Wednesday, September 26, 2012

Review: The Goal of My Life (2012)

By Paul Henderson with Roger Lajoie

We read "The Goal of My Life" because we want to know Paul Henderson's reaction to the question, "Is that all there is?"

And to understand why we ask, we have to understand something about Canada, and hockey, and fame.

Henderson was living a relatively normal life until 1972. He was a good, but not great, player in the National Hockey League. The winger broke in with Detroit in 1963, and eventually was traded to Toronto. Henderson was one of the best players on some ordinary Maple Leaf teams of the late 1960's and early 1970's. He played on a line with Norm Ullman and Ron Ellis.

Then came 1972. Canada agreed to play the Soviet Union in a special eight-game hockey series that fall. The professionals of Canada had never met the Soviets before, and there was considered curiosity about how such a matchup would. go. It was also in the middle of the Cold War, so such "cultural exchanges" were rare and those on the other side of the Iron Curtain represented a great unknown in many ways.

The Soviets took about two periods in Game One to show that they were for real, winning that first game by a score of 7-3. By the end of Game Five, Canada trailed in the series, 3-1-1, and only the most loyal of Canada's hockey fans believed that a comeback was possible. But it was, and Henderson was a major reason why. He scored the game-winning goals in Game Six, Game Seven, and - most famously - Game Eight to give Canada the series. It's indicative of Canada's love of hockey that Henderson's goal became one of those "where were you when...?" moments north of the border.He went from hockey player to national hero in record time.

Once the series was over and the celebrations were finished, Henderson probably had figured out that the rest of his life was going to be an anti-climax. So, while we're interested in Henderson's hockey career and his thoughts about the '72 Series, we're curious about what happened from there.

Hockey fans probably know what Henderson played hockey for the rest of the decade, jumping to the World Hockey Association in 1974. He spent five seasons in the WHA, and around that time turned up his attention to his faith. Henderson became a devoted Christian in that time.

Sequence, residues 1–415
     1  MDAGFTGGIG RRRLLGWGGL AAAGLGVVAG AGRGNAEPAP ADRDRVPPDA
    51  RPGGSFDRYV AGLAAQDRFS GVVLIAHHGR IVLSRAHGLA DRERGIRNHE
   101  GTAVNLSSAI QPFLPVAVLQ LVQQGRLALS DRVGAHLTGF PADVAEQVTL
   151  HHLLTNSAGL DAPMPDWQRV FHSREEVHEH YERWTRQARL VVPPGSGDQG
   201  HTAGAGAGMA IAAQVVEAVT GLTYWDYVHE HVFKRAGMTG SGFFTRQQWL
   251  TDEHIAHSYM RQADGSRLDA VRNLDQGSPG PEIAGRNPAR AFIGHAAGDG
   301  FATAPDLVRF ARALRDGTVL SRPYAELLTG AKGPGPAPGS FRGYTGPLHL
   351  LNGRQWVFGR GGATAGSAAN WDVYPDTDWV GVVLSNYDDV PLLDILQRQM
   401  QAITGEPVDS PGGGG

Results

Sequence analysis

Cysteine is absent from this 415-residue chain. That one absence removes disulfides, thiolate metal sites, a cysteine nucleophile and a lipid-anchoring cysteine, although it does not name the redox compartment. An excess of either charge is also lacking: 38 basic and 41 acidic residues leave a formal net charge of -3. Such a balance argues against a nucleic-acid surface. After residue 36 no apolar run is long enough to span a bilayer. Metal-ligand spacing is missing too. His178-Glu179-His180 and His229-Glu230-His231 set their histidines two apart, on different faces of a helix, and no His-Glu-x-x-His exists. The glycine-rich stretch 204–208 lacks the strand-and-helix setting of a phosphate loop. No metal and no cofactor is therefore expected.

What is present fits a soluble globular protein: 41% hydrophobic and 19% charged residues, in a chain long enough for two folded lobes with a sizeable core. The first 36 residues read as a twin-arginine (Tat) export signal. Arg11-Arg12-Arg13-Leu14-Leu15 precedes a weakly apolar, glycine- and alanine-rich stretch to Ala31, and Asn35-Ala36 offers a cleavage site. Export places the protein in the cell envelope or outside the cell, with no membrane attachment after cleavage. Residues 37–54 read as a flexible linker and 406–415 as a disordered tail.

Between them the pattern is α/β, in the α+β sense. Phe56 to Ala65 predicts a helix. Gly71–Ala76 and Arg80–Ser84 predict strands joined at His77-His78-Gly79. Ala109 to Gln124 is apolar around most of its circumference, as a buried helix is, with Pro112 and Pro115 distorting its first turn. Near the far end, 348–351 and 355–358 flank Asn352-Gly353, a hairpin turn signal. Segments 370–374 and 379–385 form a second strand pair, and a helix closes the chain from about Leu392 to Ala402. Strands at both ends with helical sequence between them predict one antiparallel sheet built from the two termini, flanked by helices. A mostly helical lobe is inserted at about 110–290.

When his hockey days were finally over, Henderson looked around at possible second careers. He eventually settled on work in his faith, mostly through The Leadership Group which offers a hand to men trying to lead a more spiritual life. Plenty of athletes make such a turn in their lives, for reasons as individual as their personalities. Although it's not really discussed, there are hints that Henderson has done some motivational speaking over the years to pay some bills. And who in Canada wouldn't want to hear what it was like?

The book, then, essentially is split in two. The first 150 pages or so stick to hockey, and it's always good to read a first-person account of great moments in a particular field. Henderson's comments don't have a great deal of bite for the most part, but there are interesting stories about the journey.

One anecdote is revealing. Henderson was once asked about Bobby Clarke's famous slash that broke Valeri Kharlamov's ankle in game six. His reply was, "It was the low point of the series." Clarke wasn't happy about the answer. Henderson apologized and gives a longer explanation in the book, saying that what looks good in the heat of the moment may not be good behavior in hindsight. But he adds that it was a "loaded question" and "This is one of the many reasons today re very wary around certain writers." It's a curious moment.

The final 80 or so pages of text are mostly spent on Henderson's faith, including several pages of comments from people who have worked with Henderson on his religious projects. The reader's interest level may depend on his own background and set of beliefs. Henderson's own faith received quite a stern test recently when he was diagnosed with cancer, but happily he seems to be at peace with whatever happens.

Those looking for a mere hockey story from Henderson won't find it in "The Goal of My Life." Lives don't come that neatly packaged. It's an interesting enough tale, though, that at its core does show how at least one person reacted to sudden, overwhelming celebrity.

Three stars

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